Yesterday I spoke at the PRSA Chicago monthly luncheon.
It was awesome because I was in my own hometown (yay!) and I was among my peeps.
There is nothing like speaking to a room full of people who understand your language. You’re in PR? I totally know what you do every day.
Some people in the room even knew what the big, green Bacon’s books were!
Having just read how they’re (again) acting out against women, I said I thought this was a business/operations issue, not a PR issue.
He asked if I’d yet read about the research they are doing to “dig up dirt” on prominent journalists. I said I’d seen the headline and had it bookmarked, but hadn’t read the article yet.
Well, I’m here to tell you I have now read the article.
And, still, I think it’s a business issue. No amount of PR can fix this.
What is Uber?
Uber is a smartphone app that allows you to hail a cab from the safety and comfort of your home, office, hotel, airport, or any other location.
It’s a beautiful thing, particularly if you live in a big city or travel to one. The app holds your credit card information so all you have to do is get out of the car when you arrive at your destination. There is no haggling over why you don’t have any cash and being uncomfortable as they mutter under their breath about how much they hate you for wanting to use a credit card.
Last Thursday around 10 p.m., when I arrived at O’Hare after sitting on the tarmac for three hours, the cab line was about 90 minutes long. I could have taken the El, but then there is the issue of getting across town (which the El does not do in my neighborhood) in a cab… and typically, at that time of night, they’re hard to find in that spot.
So I pulled out my phone, swiped my Uber app, hailed a cab, and was assigned a driver. Andy called me to say he was in the staging area, but that because it was so cold, I should stay inside. He called as he was pulling up so I could scurry out and not have to wait in the cold.
It’s also great when you’re traveling because you don’t have to worry about how you’ll get places. You just click the app and voila! A car arrives to safely take you to your destination.
(And, if you’re notorious for leaving stuff in the cab like I know some of you are, you have the driver’s information in your phone so you can quickly retrieve it. Unless it is your phone, in which case, the driver has to get it back to you.)
About three weeks ago, Hailo (an Uber competitor) left North America, citing costs and competition.
So now there really is only Uber (I guess there is also Lyft, but I’ve never had any luck finding a car through them when I need one).
This clearly is only an issue for big cities, where cabs are used frequently, but I have to say, I’ve thought long and hard about what to do with this company, seeing how convenient it is for me and, really, how much more safe I feel in an Uber car than a regular cab.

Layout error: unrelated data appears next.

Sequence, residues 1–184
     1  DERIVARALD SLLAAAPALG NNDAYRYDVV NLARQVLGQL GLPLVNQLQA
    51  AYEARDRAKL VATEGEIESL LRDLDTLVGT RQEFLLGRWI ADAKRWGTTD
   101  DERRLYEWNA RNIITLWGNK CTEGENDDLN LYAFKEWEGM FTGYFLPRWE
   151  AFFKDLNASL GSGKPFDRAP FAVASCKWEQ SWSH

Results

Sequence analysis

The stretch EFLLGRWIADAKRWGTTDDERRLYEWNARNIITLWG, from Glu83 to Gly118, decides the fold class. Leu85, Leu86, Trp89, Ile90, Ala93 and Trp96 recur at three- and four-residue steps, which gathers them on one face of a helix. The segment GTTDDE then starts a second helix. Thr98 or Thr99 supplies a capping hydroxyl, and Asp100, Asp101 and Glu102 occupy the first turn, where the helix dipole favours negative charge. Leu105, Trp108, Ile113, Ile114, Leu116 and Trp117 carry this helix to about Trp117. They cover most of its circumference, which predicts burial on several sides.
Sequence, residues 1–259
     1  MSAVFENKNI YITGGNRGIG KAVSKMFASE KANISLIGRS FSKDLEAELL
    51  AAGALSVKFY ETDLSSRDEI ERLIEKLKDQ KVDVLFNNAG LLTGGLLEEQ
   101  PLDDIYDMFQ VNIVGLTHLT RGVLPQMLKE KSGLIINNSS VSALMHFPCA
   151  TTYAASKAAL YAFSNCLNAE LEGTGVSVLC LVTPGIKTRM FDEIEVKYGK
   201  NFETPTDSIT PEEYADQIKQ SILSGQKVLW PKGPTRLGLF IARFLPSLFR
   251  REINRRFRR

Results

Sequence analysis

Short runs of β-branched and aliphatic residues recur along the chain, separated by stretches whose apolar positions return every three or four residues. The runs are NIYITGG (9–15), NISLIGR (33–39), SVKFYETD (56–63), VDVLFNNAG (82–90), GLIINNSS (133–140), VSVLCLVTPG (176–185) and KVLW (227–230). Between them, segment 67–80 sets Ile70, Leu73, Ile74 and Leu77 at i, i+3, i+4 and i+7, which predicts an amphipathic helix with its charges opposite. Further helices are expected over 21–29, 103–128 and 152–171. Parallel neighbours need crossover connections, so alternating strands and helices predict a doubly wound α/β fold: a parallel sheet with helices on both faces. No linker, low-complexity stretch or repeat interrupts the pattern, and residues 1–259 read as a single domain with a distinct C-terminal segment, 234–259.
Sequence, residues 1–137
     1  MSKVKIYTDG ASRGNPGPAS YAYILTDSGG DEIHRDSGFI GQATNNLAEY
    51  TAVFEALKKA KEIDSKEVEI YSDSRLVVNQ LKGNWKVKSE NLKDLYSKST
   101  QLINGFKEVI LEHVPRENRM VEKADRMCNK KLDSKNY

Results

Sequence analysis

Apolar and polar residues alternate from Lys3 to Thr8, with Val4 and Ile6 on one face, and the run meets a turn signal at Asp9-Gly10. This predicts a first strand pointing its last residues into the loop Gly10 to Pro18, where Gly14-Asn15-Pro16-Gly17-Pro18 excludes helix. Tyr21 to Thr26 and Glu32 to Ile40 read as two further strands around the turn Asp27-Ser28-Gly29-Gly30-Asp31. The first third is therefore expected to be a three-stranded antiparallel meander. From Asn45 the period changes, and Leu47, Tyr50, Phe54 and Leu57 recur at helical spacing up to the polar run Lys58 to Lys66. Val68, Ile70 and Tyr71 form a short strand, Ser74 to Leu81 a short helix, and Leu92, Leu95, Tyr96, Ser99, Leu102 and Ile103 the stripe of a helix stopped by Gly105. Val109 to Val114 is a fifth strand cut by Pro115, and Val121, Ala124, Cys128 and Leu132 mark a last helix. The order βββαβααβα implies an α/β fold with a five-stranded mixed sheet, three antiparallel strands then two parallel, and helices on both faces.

How Not to Win Friends and Influence Others
The latest scandal out of the company is that they want to hire opposition research (just like you would if you were running for office) to dig up dirt on journalists.
A senior executive at Uber suggested that the company should consider hiring a team of opposition researchers to dig up dirt on its critics in the media — and specifically to spread details of the personal life of a female journalist who has criticized the company. The executive, Emil Michael, made the comments in a conversation he later said he believed was off the record.
Over dinner, he outlined the notion of spending “a million dollars” to hire four top opposition researchers and four journalists. That team could, he said, help Uber fight back against the press — they’d look into “your personal lives, your families,” and give the media a taste of its own medicine.
Sarah wrote about a month ago that she was deleting her Uber app after it appeared the company was working with a French escort service.
I don’t know how many more signals we need that the company simply doesn’t respect us or prioritize our safety.
She called for a protest against the company and suggested people (particularly women) delete the app from their phones.
The company has been cited for celebrating womanizing, knowingly sabotaging Lyft (their biggest competitor), creating a culture of “boobers” (which means they have women “on call”), and using your personal data for evil.
No Amount of PR Can Change Uber
They’re not a good company. They’re not run by good people.
No amount of PR can change that.
Sure, the communications team has Travis Kalanick, the Uber CEO, on a “charm offensive,” wining and dining journalists in New York City.
Sure, they are doing what they can to help mend fences.
But, when the company has to hire political operative David Plouffe to work on Kalanick’s behavior—and when they have senior executives spouting off during these dinners about hiring opposition researchers—something at the company needs to change.
If I worked as their agency or inside the organization, here is what I would recommend to the board:
- Kalanick needs to resign.
- The entire executive team should be re-evaluated. If there is any risk of any of them misbehaving, they should be replaced.
- A new CEO should be hired immediately—and his or her number one job should be to meet in person with Sarah Lacy to apologize profusely and to find ways to work together. And then go personally to visit with top-tier journalists, no matter how long it takes.
- They should hire an expensive and highly regarded media training organization to teach its executives that nothing is ever off the record, and how to behave in the company of other human beings.
And then I would tender my resignation.